Here’s a look at the best high shines.
Photo via The Royal Bakery
Treating a cake with a blast of steam serves a dual purpose. It’s a great way to remove traces of corn starch or powdered sugar left on fondant after rolling it out – especially useful for dark-colored cakes – but it also gives the cake a glossy finish.
Small items, like cupcake toppers, or setting the dusted color on gum paste flowers, can be held over the steam from a boiling kettle or pan of water. Just be very careful, as the steam can burn! For whole cakes, an electric steamer is needed.
The disadvantages of this method are that too much steam can cause water droplets and drips to appear on the surface of the fondant. In addition, the glossy finish does eventually dry out and the cake will need to be re-steamed to maintain the shine.
Photo via jessicakes
Rubbing a vegetable shortening (such as Crisco or Trex) over the surface of the fondant will produce a very convincing sheen.
Jessica says, “I rubbed Crisco all over the outside of the cake and then used a dry paper towel and started lightly buffing that Crisco into the fondant. It gave it a shiny satin-like finish.”
Similar to the steaming method, the shortening is eventually absorbed into the fondant and may need to be reapplied before the cake is presented.
3. Egg Whites
Photo via Torta – Couture Cakes
The subtle sheen on these pale yellow hypericum berries was achieved by dipping them in egg whites. The egg white coating dries after a few hours to a sheen perfect for natural-looking berries or succulents. Further coats can be applied for a glossier finish. Use pasteurized egg whites from a carton to ensure you meet food safety standards for fondant decorations that may be eaten.
The disadvantages of this method are that the egg whites can drip and pool, so be careful to tap any excess liquid off your decorations before leaving to dry. Do not touch until dry to avoid fingerprints.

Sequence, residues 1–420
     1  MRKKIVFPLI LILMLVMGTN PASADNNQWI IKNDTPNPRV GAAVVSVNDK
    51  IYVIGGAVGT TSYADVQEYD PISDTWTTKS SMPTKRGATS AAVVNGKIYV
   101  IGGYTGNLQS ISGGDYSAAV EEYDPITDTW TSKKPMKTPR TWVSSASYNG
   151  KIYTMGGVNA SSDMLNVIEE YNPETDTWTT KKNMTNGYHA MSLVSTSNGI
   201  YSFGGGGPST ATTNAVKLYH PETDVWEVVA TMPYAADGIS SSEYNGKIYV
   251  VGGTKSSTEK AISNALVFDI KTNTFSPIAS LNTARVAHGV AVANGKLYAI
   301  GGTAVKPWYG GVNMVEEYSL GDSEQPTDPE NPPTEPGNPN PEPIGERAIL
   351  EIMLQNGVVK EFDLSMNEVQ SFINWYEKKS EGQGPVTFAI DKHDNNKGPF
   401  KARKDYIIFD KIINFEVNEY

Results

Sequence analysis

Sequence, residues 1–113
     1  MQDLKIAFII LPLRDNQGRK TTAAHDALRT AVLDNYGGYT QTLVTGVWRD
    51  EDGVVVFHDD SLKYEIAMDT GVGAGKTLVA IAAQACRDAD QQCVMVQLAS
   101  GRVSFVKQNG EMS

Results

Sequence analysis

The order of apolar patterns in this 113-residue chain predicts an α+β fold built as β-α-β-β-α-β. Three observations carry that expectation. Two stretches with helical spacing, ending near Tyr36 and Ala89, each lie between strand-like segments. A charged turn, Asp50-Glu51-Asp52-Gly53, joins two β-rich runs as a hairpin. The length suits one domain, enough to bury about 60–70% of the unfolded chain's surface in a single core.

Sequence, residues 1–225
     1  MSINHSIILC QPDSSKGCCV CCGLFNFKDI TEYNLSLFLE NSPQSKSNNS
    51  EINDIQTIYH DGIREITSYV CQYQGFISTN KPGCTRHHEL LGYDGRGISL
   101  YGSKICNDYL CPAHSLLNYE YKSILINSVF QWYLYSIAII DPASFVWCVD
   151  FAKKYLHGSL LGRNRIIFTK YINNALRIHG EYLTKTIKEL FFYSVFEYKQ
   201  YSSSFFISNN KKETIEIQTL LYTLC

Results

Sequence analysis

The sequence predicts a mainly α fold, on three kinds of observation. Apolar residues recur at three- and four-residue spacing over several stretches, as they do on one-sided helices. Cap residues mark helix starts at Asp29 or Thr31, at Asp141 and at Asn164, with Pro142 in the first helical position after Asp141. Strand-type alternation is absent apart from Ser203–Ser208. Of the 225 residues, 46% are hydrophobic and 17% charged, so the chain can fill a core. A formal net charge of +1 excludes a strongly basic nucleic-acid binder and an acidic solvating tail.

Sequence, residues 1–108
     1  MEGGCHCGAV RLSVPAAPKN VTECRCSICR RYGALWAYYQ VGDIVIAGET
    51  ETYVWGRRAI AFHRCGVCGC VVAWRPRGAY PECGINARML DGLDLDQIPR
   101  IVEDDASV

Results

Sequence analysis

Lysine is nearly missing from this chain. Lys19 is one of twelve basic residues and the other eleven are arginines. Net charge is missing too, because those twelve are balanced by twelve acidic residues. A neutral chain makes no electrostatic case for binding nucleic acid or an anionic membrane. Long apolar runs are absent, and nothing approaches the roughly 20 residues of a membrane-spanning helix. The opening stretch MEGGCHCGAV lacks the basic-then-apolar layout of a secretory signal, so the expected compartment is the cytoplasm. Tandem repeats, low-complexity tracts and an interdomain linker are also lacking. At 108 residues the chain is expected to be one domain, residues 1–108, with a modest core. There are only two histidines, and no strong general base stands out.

4. Corn syrup/alcohol
Photo via Peggy Does Cake
The doll and balloons on this adorable sheet cake have been glazed with a mixture of corn syrup and alcohol that dries to a permanent high gloss. Several coats can be applied to give the highest sheen, which doesn’t fade or become sticky, and is perfectly dry to the touch.
The disadvantage of this method is that brush strokes can sometimes be seen, so try to avoid brushing over the same area again once the syrup mixture has started to set. And do not touch until dry to avoid fingerprints.
How to make corn syrup glaze
Mix together equal amounts of corn syrup and clear alcohol. You can use vodka or a grain alcohol, like Everclear. The amount you make depends on how many decorations you need to apply the sheen to. Usually 1 tsp corn syrup mixed with 1 tsp alcohol is sufficient for any small items.
Create the fondant or gum paste element you wish to glaze.
Leave to dry. The length of time this can range from an hour to overnight, depending on the thickness of the glaze. Additional coats can be applied for a super high gloss.
The glaze would be perfect for adding a high sheen to sculpted car cakes, like those possible made in Mike McCarey’s new Classic Car, Timeless Techniques Craftsy class.
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